Summary: Analyzing The Wage Gap

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On August 18, 1920, women gained the right that approximately half the population already possessed, the right to vote. In 1948, congress passed the Women 's Armed Services Integration Act, allowing women to serve in the military, a right that men already were given. In the 1960’s, banks could refuse to authorize a credit card for woman. It wasn 't until 1974 that it became illegal to refuse this service based on sex (Katie McLaughlin, 2014). “All men are created equal and endowed by their creator with certain inalienable rights” (Declaration of Independence) is the principle concept that the United States of America is recognized for, in spite of that, minorities in America are still suffering from social, political, and economic…show more content…
Analyzing the wage gap, it is seen that the gap does not boil down to rampant sexism, however, it is because of a combination of economic, social, and educational factors. According to studies, the fields that attract women tend to pay less. Education and healthcare industries attract about a third of female employees; the median weekly income of those sectors is $841, roughly the same amount of men work in computer and engineering fields, that earn a median of $1,120. However, Even within female-dominated sectors, men still make more money, comparatively. In 1999 a woman working in a majority female workplace earned 25.9 percent less than a woman working in a male-driven sector; a man in the same employment scenario earned only 12.5 percent less (Boraas and Rodgers III,…show more content…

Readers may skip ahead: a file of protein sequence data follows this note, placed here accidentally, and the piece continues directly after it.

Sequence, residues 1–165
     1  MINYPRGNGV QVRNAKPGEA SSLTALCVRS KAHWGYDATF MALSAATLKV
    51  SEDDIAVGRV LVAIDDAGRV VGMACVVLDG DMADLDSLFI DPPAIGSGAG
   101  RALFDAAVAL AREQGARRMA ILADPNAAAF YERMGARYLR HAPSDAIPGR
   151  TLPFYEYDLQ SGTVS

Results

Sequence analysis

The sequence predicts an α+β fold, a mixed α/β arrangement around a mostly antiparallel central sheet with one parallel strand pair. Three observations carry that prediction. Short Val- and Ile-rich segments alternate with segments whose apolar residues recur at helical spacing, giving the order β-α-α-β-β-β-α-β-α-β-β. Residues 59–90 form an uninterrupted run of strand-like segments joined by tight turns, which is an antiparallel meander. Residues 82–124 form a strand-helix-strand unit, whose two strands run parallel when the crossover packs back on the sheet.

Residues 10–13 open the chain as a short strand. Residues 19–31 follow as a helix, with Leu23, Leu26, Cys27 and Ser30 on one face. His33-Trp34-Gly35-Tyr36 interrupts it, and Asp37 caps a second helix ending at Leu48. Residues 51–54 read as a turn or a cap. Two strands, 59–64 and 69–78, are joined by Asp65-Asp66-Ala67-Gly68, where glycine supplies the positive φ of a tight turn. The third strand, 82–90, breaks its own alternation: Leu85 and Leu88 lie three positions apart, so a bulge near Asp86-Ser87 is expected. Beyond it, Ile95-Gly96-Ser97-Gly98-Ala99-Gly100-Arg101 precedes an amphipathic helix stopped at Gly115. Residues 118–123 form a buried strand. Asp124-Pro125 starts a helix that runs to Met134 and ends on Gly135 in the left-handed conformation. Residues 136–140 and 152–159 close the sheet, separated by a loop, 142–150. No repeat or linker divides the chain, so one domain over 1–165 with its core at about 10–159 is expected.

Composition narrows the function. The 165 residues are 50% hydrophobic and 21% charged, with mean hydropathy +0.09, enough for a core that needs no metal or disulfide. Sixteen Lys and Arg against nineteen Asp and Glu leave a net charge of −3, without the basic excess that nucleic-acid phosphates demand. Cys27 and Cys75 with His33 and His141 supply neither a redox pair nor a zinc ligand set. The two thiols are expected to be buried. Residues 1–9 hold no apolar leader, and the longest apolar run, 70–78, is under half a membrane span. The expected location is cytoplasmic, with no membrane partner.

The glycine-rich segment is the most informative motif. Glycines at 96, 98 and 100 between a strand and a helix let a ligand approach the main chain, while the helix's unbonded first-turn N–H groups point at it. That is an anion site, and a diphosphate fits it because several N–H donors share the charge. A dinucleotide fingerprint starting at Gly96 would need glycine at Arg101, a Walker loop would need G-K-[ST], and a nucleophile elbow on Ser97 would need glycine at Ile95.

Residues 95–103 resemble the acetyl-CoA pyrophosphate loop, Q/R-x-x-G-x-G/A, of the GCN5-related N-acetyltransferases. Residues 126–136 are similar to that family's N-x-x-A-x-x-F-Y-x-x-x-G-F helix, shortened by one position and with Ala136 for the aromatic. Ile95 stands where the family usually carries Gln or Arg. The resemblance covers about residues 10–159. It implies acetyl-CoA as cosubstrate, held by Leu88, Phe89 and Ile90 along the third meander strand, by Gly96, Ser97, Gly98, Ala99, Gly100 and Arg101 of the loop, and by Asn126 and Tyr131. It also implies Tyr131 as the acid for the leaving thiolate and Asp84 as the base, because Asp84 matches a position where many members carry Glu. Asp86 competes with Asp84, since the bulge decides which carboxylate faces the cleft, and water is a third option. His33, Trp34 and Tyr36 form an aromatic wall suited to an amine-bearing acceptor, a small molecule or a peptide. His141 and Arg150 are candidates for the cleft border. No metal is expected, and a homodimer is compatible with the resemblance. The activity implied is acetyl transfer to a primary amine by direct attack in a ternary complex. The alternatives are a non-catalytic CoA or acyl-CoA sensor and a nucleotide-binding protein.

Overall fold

When young women start jobs, they typically earn nearly as much as young men. In a 2013 sample, among workers who were ages 25 to 34, women on average made 93 percent as much as men, according to the Pew Research Center. The disparity grows, however, as women age, one popular explanation comes from this data: motherhood. Some economists argue that women’s outsized burden at home stalls their careers. Mothers in the United States who work full time, year round, meanwhile, make an average of $40,000, compared to $56,999 paid to fathers, according to the National Women’s Law Center. (Danielle Paquette, 2016). On average, Women typically devote two hours and 12 minutes daily to housework, while men spend one hour and 21 minutes. June O’Neill, former director of the Congressional Budget Office argues that women 's social choices should not require government intervention, “Any wage gap is rooted more in social trends and tendencies than malicious discrimination by employers,” (June O’Neill, 2015). In Blau and Kahn’s explanation of the wage gap, career decision combines two factors: industry choice (17.6 percent of the gap, they write), education (12 percent), and occupation choice (32.9 percent) (Danielle Paquette, 2016). After considering job, industry, education, and experience Blau and Kahn proposed that 38 percent of the wage gap comes from “unexplained”

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